Disability Services: The Office of Disability Services has been designated by the University as the primary office to guide, counsel, and assist students with disabilities. If you receive services through that office and require accommodations for this class, please make an appointment with me as soon as possible to discuss your approved accommodation needs. Bring your accommodation letter with you to the appointment. I will hold any information you share with me in the strictest confidence unless you give me permission to do otherwise. If you need accommodations, (note taking assistance, extended time for tests, etc.) I would be happy to refer you to the Office of Disability Services. They will require appropriate documentation of a disability. Their phone number is 540-654-1266.


Required books:

Ferman, Barbara. 1996. Challenging the Growth Machine: Neighborhood Politics in Chicago and Pittsburgh. University Press of Kansas.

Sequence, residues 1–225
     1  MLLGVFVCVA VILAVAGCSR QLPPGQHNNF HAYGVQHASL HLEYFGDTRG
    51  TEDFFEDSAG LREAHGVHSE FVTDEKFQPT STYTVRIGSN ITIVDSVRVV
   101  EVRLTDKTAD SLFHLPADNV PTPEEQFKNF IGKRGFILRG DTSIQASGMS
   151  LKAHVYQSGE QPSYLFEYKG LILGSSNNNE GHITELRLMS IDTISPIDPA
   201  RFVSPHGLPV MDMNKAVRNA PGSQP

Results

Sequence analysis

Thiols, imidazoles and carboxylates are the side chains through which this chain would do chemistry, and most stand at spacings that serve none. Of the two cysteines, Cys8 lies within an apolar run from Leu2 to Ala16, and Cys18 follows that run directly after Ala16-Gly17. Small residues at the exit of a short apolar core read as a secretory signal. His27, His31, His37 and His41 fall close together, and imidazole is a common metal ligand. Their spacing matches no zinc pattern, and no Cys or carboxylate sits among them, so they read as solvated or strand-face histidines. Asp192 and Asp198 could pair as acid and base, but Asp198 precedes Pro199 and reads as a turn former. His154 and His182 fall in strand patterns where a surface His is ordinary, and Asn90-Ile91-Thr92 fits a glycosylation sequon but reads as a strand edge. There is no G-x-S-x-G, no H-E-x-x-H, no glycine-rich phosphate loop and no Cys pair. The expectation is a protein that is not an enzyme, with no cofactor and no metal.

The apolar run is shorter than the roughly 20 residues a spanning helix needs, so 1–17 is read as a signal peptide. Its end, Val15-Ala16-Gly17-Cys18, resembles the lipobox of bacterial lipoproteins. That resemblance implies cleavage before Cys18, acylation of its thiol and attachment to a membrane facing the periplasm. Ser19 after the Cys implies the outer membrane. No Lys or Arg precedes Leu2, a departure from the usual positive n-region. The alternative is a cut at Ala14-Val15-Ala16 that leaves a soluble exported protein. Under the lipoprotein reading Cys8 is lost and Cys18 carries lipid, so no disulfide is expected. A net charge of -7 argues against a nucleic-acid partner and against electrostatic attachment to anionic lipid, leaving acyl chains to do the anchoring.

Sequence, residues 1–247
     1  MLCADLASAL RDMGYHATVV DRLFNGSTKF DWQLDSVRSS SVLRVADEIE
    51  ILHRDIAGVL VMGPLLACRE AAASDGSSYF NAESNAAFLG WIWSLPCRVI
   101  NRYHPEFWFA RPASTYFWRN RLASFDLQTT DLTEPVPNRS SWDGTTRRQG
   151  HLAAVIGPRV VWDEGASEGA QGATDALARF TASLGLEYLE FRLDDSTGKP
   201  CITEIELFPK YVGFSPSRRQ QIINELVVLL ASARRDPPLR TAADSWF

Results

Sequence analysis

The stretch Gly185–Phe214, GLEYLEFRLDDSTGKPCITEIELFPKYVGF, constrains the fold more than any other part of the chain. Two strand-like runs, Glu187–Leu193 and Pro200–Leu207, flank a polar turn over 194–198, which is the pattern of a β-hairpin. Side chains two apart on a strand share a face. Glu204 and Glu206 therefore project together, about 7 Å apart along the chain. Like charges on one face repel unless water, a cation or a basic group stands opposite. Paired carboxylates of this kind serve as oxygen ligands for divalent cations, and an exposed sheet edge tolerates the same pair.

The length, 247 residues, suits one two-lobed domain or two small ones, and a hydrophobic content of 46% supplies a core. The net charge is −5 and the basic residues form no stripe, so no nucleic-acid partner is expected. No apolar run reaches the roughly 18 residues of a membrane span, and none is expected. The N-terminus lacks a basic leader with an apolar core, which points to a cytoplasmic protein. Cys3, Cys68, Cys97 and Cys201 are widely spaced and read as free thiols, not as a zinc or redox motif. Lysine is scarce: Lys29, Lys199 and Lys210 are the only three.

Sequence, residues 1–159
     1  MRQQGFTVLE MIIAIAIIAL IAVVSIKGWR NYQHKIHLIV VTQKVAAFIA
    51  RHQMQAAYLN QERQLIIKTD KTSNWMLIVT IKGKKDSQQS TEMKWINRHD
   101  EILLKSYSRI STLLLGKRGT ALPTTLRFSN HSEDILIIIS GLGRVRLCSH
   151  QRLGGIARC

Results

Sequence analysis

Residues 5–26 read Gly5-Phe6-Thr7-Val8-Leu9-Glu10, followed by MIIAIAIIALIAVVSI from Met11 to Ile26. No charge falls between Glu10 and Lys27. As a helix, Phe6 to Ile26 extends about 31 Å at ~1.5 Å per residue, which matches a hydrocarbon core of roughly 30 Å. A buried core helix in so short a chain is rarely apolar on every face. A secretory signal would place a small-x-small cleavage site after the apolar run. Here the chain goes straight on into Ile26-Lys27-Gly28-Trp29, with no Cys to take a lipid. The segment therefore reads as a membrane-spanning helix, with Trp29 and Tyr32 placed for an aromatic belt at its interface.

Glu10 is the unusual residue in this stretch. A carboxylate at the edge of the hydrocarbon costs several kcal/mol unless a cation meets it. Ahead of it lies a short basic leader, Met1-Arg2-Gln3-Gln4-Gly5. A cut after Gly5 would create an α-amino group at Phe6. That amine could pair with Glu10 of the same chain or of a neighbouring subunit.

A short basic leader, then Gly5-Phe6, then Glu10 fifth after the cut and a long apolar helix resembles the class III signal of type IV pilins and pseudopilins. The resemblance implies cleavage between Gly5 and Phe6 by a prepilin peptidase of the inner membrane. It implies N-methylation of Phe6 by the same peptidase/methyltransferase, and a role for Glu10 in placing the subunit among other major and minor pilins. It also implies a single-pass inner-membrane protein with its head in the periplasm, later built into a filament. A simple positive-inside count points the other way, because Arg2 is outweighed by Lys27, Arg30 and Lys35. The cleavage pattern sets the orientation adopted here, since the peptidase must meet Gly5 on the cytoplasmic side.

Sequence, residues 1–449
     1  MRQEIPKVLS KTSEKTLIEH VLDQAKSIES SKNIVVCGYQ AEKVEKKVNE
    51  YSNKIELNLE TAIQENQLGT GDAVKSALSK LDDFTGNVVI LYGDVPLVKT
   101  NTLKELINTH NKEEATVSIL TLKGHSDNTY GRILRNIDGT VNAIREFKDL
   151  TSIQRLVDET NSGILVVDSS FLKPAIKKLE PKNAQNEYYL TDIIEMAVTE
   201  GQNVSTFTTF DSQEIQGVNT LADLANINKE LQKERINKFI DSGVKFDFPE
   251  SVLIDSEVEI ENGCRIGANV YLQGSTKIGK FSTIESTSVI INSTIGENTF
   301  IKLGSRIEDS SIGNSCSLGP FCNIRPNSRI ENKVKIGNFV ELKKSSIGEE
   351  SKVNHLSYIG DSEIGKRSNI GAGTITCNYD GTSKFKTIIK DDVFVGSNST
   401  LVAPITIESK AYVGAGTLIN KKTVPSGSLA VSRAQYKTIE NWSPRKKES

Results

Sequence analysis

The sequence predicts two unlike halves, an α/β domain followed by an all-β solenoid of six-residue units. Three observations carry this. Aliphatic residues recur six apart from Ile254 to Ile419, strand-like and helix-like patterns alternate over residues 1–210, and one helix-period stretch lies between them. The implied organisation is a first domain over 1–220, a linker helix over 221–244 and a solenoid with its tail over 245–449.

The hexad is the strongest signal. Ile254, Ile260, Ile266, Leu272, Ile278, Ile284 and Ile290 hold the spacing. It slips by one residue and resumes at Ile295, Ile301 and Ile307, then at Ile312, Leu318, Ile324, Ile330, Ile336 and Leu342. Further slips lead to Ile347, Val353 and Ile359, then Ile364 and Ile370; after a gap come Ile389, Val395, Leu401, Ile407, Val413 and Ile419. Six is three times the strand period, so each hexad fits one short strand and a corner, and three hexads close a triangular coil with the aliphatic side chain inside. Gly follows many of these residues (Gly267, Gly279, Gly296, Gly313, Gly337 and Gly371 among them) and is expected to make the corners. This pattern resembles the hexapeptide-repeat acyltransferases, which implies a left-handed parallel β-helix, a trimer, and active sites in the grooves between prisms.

Arena, John. 2012. Driven From New Orleans: How Non-profits Betray Public Housing and Promote Privatization. University of Minnesota Press.

Abu-Lughod, Janet. 2007/2012. Race, Space and Riots in Chicago, New York and Los Angeles. Oxford University Press.

*Additional readings will be placed online, and will be indicated on the syllabus. Please see course CANVAS site for the password to access readings on the course blog.

Course blog: All course documents will be made available on the course blog (  – including the syllabus, supplemental readings, and all other assignment guidelines. I will post grades on Canvas. Please let me know if you have any trouble accessing the class website or Canvas.


(Want a pdf version of the syllabus? Here: Community Power syllabus Fall 2015